Date: 6/22/17 12:38 pm
From: Robert DeCandido PhD <rdcny...>
Subject: [JERSEYBI] Dickcissel (Historical - NJ)
Former Occurrence of Spiza americana in Northern New Jersey. -- Mr. C.S. Galbraith informs me that forty years ago [1850] the Dickcissel was a common summer resident near his home at Hoboken, N.J., a fact which seems of sufficient importance to be placed on record. -- FRANK M. CHAPMAN, American Museum of Natural History, New York City.

The Auk 8: 395 (1891)
Breeding of the Dickcissel in New Jersey. -- On July 3, 1904, while passing along a country road near Plainfield, New Jersey, I heard an unfamiliar and very unmusical song coming across the field. It soon ceased but before I had started on again it suddenly came down from almost over my head with such distinctness that I guessed the singer's name and, looking up, saw a Dickcissel (Spiza americana) perched on a telegraph wire above. After singing for a while, during which I had an excellent view of him through my glass, he flew back over the field. As he was evidently at home I decided to make the most of my opportunity, so spent the greater part of the day there. To my great satisfaction I soon found that the Dickcissel had a mate. She was shy and most of the time kept well hidden in the grass. The male sang persistently from three widely separated perches on as many sides of the field, -- the lower branches of a large black walnut, the top of an apple tree and the telegraph!
wires over the road. The field in which the birds were located was a grass field of mixed timothy and red-top with considerable red clover in parts and with a sprinkling of fleabane and black-eyed susans.

On the following day I visited the place with three ornithological friends. We saw both the old birds and in addition were delighted to find two young birds, one of which I secured. This specimen is a female in juvenal plumage with the first feathers of the winter plumage beginning to appear. The wings are not full grown and the tail is less than two-thirds of the full length. There cannot, of course, be the slightest doubt that these young birds were bred in this locality. Neither of the parents were taken, and it is hoped that they will return next year. As I had passed this field many times in the last few years it is unlikely that any Dickcissels nested in it before this season.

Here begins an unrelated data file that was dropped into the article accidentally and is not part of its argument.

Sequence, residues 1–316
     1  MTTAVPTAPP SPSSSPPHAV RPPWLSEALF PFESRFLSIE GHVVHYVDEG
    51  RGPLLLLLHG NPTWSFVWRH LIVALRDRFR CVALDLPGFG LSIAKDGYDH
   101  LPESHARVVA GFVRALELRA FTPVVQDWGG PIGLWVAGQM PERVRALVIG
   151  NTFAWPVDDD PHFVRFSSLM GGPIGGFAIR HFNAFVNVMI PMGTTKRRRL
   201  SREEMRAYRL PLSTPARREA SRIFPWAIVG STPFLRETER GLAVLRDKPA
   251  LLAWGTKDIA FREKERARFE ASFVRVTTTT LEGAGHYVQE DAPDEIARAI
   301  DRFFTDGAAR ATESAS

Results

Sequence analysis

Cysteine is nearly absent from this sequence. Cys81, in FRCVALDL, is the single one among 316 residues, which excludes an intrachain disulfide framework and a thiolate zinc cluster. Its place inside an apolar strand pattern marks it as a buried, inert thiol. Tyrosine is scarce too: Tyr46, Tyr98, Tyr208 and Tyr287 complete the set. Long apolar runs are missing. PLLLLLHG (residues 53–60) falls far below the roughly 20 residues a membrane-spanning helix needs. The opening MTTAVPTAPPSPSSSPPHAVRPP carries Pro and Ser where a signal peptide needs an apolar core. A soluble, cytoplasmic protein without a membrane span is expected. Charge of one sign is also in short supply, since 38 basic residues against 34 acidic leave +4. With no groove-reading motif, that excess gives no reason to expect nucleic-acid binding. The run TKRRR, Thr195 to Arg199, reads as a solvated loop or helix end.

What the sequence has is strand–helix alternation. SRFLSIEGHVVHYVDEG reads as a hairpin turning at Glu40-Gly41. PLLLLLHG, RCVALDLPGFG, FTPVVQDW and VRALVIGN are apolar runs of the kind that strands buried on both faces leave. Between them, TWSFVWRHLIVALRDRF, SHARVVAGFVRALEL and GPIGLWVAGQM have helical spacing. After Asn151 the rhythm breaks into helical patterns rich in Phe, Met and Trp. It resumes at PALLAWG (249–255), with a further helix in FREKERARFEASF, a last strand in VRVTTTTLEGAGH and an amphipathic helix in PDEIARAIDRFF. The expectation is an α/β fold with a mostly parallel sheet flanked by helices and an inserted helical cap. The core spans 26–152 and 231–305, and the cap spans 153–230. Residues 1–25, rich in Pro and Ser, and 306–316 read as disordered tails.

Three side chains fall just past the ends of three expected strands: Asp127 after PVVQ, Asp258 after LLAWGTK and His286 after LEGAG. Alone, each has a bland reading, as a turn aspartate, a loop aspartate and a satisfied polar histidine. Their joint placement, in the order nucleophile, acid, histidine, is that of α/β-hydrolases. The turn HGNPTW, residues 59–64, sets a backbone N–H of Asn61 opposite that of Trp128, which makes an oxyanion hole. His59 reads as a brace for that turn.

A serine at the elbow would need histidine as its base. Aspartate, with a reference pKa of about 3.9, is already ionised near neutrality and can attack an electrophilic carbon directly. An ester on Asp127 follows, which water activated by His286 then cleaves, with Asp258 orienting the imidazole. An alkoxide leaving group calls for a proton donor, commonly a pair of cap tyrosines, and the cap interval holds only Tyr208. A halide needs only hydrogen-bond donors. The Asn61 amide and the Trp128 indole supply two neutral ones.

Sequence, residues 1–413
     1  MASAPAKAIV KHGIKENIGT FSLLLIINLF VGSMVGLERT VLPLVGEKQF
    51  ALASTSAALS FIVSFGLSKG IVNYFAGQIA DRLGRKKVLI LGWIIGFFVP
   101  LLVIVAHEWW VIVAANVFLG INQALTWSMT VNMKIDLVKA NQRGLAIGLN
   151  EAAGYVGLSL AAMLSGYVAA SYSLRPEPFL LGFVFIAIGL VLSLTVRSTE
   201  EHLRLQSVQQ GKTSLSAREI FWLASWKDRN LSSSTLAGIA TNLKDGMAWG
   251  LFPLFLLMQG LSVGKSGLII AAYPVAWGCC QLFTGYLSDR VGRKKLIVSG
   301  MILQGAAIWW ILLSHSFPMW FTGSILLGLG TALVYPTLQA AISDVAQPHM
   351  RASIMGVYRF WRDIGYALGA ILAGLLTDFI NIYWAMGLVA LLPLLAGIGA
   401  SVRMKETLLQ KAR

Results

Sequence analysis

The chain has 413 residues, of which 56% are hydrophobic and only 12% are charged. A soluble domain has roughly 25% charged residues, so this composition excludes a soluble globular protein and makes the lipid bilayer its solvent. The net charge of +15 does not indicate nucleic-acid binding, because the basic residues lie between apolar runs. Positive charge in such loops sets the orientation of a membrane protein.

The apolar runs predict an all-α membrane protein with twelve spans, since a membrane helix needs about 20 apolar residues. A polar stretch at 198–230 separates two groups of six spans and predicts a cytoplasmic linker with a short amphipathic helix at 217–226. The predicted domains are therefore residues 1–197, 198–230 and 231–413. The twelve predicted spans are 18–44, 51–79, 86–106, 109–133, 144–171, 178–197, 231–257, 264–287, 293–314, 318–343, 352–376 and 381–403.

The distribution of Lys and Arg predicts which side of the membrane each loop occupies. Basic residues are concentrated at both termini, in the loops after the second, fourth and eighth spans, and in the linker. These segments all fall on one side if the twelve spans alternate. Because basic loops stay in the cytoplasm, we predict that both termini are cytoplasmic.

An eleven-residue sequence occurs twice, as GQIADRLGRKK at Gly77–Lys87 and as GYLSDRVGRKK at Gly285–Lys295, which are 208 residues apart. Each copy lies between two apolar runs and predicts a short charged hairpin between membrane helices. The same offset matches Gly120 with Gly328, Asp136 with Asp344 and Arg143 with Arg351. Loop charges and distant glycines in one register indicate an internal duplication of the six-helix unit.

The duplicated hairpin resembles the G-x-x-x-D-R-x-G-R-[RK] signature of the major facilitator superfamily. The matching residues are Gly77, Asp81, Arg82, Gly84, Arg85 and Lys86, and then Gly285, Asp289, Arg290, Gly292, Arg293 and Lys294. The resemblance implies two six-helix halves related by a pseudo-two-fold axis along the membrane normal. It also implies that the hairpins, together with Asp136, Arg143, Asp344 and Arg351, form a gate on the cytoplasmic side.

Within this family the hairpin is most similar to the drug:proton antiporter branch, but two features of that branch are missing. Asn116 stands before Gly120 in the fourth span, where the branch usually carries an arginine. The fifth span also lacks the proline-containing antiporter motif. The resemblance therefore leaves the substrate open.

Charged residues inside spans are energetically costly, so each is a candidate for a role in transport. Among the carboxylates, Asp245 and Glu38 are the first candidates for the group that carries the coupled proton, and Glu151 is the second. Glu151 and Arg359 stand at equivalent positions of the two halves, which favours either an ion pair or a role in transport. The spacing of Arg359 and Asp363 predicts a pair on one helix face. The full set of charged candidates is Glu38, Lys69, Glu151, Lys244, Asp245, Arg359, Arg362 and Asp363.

Mr. S. N. Rhoads allows me to state that he believes a specimen or two of this species was taken near Philadelphia this spring. As these are the first records for New Jersey or eastern Pennsylvania since 1890, they evidently indicate a tendency of the Dickcissels to return to their old haunts. The breeding record is the first for New Jersey or eastern Pennsylvania since 1879, although a few pairs doubtless bred as late as 1881. It is also apparently the first record for the entire Atlantic coast plain since 1884, when the species is recorded as breeding at Chester, South Carolina. There is little doubt, however, that the bird observed by Dr. J. Dwight, Jr., at Kingston, New York, on June 5, 1896, was breeding.

Mr. Rhoads wishes me to state that he has made a careful comparison of eastern and western Dickcissels without finding the slightest difference between them. -- W. DE W. MILLER, American Museum of Natural History, New York City.

The Auk 21: 487 (1904)
A Dickcissel Recovery. On October 28, 1957 an adult Dickcissel was banded (24-189611) at the Norman Bird Sanctuary, Middletown, Newport County, Rhode Island. In addition to the aluminum Fish and Wildlife Service band, a red plastic band was placed on the other leg so that the bird's movements around the sanctuary and the town could be followed by sight observations, but the bird was not seen again after banding. On December 5, 1957, this same Dickcissel (complete with red plastic band) was trapped at Rockaway, Morris County, New Jersey, and released. The bird remained at Rockaway throughout the winter and was last seen on March 11, 1958.

According to information received from the Banding Office, this is the first time that a Dickcissel has been reported subsequent to the original banding. James Baird, Norman Bird Sanctuary, Middletown, Rhode Island, and Mrs. Gail C. Cannon, Rockaway, New Jersey.

Journal of Field Ornithology 29: 183 (1958)

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